Tag: Trading

What is Basis Trading and How Does it Affect the Treasury Bond Market?

Basis trading is a financial trading strategy regarding the purchase of a particular financial instrument or security (in this case Treasury Bonds) or commodity, and the sale of its related derivative. In this example, it is the purchase of a Treasury Bond and the sale of its related futures contract. In the treasury market, the trade is centred on the price differential between treasury bonds and their associated futures contracts.

From time to time, due to heavy purchasing of Treasury bond futures by insurance companies, institutional investors and pension funds*, the bond futures price rises above the price of the underlying bond. Once this price differential is in place hedge funds take advantage of this price differential and will buy Treasury bonds and at the same time sell corresponding Treasury futures. The upshot of this trade is that by selling the higher priced bonds in one market and buying the cheaper priced bonds in another market, the hedge funds can profit from the price differential. 

*Purchasing Treasury Bond Futures – Asset managers instead of buying actual Treasury bonds quite often prefer to buy futures because there is less upfront cash to pay. 

However, the profits from these trades are very small, and therefore heavy borrowing is required in order to make them more lucrative. Sometimes when there are unexpected episodes or events, this can quite often lead to market volatility leading to potential tragic consequences for the trade leaving the trader no option but to straight away unload all their holdings. This form of arbitrage*, as mentioned previously, requires heavy borrowing, and hedge funds usually borrow from the Repo Market**. It is normal for hedge funds to offer their Treasury bonds as collateral, as the normal practice is to roll-over these loans on a daily basis. Experts advise that these trades can be quite risky due to the amount of leverage involved (on average USD50 for every USD1 invested so 50 times leverage), plus a big reliance on short-term borrowings. 

*Arbitrage – the simultaneous buying and selling of currencies, commodities or securities in different markets or in derivative forms in order to take advantage of the differing prices of the same asset.

**Repo (Repurchase Agreement) Market – In this market money market funds, banks and others lend short-term capital against government securities, in this case US Treasury Bonds. Basically, in this transaction a borrower temporarily lends a security to a lender for cash with an agreement to buy it back in the future at a predetermined price. Ownership of the security does not change hands in a repo transaction.

When the Treasuries market experiences volatility, it can increase the cost of the trade thereby negating profitability, so hedge funds must very quickly unwind their trades in order to repay their loans thereby increasing volatility in an already volatile market.  Such fluctuations can see liquidity drying up and a decrease in the availability of buyers. In such instances* the Treasuries market can literally seize up, and with Treasury bonds being so fundamental to the credit market (and they are risk-free), the US Federal Reserve has had to intervene when the normal functioning of the market has become impaired.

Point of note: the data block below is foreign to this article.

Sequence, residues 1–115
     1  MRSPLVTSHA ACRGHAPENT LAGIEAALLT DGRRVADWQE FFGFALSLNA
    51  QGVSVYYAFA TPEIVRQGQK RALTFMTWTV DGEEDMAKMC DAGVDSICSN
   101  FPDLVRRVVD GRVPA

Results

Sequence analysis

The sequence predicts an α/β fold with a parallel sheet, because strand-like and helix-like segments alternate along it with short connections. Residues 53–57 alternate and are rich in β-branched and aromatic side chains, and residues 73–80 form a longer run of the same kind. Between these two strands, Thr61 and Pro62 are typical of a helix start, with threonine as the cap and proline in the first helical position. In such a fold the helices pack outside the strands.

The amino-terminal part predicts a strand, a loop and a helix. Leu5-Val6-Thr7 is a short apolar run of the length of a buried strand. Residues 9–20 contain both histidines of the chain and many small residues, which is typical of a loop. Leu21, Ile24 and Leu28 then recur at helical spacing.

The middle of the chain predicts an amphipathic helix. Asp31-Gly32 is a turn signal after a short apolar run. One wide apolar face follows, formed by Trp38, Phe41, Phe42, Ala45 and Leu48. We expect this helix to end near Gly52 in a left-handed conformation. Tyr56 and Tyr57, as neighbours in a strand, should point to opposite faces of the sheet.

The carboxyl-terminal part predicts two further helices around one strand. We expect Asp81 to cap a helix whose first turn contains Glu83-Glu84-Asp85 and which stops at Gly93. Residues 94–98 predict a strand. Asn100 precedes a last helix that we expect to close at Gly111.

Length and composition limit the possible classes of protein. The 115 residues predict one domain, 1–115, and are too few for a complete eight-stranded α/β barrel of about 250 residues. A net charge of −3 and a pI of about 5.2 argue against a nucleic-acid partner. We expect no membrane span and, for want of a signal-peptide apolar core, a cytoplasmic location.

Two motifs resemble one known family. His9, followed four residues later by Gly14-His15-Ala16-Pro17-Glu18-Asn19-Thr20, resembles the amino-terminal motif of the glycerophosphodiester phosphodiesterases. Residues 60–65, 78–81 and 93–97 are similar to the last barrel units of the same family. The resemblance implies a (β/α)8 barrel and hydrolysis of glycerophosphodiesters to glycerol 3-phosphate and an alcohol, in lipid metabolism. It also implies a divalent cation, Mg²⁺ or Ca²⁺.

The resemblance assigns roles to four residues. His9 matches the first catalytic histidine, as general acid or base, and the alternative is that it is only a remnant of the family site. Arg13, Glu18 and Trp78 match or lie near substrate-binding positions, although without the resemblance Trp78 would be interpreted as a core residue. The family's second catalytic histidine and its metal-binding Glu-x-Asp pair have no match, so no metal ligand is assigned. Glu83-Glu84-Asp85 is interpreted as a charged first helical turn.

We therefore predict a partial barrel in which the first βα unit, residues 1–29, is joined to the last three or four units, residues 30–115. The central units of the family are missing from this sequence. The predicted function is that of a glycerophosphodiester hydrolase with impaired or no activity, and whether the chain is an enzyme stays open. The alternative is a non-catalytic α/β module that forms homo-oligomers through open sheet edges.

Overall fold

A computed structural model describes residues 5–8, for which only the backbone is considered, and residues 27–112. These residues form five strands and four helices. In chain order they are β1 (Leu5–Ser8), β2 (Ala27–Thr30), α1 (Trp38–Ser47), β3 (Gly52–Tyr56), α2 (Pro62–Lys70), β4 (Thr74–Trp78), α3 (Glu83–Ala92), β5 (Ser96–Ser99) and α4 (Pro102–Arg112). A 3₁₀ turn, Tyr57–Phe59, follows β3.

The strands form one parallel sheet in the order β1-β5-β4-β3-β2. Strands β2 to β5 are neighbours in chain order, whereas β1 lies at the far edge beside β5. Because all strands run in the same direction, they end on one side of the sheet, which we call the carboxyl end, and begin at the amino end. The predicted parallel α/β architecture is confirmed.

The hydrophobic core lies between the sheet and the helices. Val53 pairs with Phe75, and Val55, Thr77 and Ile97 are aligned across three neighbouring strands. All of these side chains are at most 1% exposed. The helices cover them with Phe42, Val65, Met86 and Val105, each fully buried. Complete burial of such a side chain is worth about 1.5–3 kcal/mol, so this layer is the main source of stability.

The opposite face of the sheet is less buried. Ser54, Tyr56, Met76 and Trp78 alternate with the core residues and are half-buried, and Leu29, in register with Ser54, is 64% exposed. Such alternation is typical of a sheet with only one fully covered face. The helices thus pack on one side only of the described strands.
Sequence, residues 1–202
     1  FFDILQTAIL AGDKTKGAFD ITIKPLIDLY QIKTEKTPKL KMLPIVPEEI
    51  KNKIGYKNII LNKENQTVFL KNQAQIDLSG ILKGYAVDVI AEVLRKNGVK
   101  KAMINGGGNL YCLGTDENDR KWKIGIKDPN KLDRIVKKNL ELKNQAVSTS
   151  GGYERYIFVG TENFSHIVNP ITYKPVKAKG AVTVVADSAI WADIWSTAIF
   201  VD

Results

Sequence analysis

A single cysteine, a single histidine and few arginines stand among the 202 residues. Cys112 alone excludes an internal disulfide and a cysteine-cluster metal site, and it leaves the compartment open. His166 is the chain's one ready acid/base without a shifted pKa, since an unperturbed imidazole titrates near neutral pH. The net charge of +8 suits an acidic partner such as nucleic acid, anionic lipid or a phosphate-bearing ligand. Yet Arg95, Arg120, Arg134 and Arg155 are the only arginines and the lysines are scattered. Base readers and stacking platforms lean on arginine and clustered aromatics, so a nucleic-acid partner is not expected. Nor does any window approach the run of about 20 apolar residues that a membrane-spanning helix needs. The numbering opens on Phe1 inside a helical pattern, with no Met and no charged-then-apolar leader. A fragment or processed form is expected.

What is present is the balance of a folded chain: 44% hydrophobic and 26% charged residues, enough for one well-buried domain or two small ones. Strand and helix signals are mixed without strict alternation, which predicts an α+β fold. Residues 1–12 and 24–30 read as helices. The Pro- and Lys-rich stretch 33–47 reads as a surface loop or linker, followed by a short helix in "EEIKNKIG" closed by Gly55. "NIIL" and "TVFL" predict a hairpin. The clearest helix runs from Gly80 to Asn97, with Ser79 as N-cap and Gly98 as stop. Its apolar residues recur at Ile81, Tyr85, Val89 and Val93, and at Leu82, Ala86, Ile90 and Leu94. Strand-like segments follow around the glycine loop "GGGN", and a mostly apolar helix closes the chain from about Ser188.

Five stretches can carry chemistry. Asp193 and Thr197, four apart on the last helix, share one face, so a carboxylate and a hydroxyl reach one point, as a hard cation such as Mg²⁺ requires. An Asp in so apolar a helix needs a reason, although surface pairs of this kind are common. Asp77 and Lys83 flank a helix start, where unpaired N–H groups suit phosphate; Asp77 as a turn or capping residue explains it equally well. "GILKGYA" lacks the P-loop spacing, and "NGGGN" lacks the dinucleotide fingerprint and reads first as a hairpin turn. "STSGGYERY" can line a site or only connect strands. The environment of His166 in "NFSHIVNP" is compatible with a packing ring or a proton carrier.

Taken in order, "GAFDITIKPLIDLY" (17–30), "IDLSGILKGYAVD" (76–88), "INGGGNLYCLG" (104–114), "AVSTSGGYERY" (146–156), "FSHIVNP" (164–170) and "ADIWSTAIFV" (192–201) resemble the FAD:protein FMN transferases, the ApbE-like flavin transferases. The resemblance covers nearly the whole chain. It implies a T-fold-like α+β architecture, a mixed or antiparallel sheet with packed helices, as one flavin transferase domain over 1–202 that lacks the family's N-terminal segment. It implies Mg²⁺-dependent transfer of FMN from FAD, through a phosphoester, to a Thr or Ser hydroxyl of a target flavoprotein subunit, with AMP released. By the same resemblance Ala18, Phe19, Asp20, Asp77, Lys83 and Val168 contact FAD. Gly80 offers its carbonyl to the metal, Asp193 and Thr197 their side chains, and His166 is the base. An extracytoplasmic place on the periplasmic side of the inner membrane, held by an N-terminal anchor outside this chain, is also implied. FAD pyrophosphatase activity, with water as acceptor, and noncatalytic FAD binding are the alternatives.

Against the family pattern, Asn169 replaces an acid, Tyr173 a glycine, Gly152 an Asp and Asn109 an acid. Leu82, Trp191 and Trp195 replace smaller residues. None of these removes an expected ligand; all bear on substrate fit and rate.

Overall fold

*Onset of the CoronaVirus – Back in 2020 when the Covid-19 appeared the huge volatility in the markets prompted margin calls in Treasury bond futures, amplifying funding problems in the repo market. Simultaneously, Treasury bond holdings were being dumped by foreign central banks in order to prop their own currencies with US Dollars. This prompted cash bonds to underperform their futures counterparts which is the opposite of the conditions needed for the basis trade to make a profit. It was never fully understood how much basis trading contributed to the turmoil in the market, but the rapid unwinding of positions by hedge funds certainly increased volatility. The upshot was the Federal Reserve promised to buy trillions of dollars of Treasury Bonds to keep markets running smoothly whilst providing the repo market with emergency funding. 

Basis trading subsided after the 2020 debacle but returned in early 2023 due the Federal Reserve monetary tightening policies by raising interest rates a record eleven times in eighteen months, which pushed up yields on 10 year Treasury bonds to circa 5%. On the demand side, this yield (highest since 2007) once again attracted large institutional buyers to buy futures, and on the supply side the Federal Reserve has increased sales of bonds to fund the US Government deficits, which has put downward price pressure on cash bonds. Therefore there is now a sufficient gap between the price of cash bonds and futures to have basis traders up and running again.

Financial watchdogs and authorities are unhappy over these trades, specifically because they are highly leveraged, and the fact that they are direct from one party to another. This means regulation is difficult, plus hedge funds themselves have much less regulation than banks. To this end, the Bank for International Settlements (BIS), the Bank of England and the Federal Reserve have called for closer monitoring of basis trades. Indeed the US Securities and Exchange Commission (SEC) finalised a rule in May of this year (starting June 2024)requiring all private funds to report sudden large losses, margin increases and any other significant changes.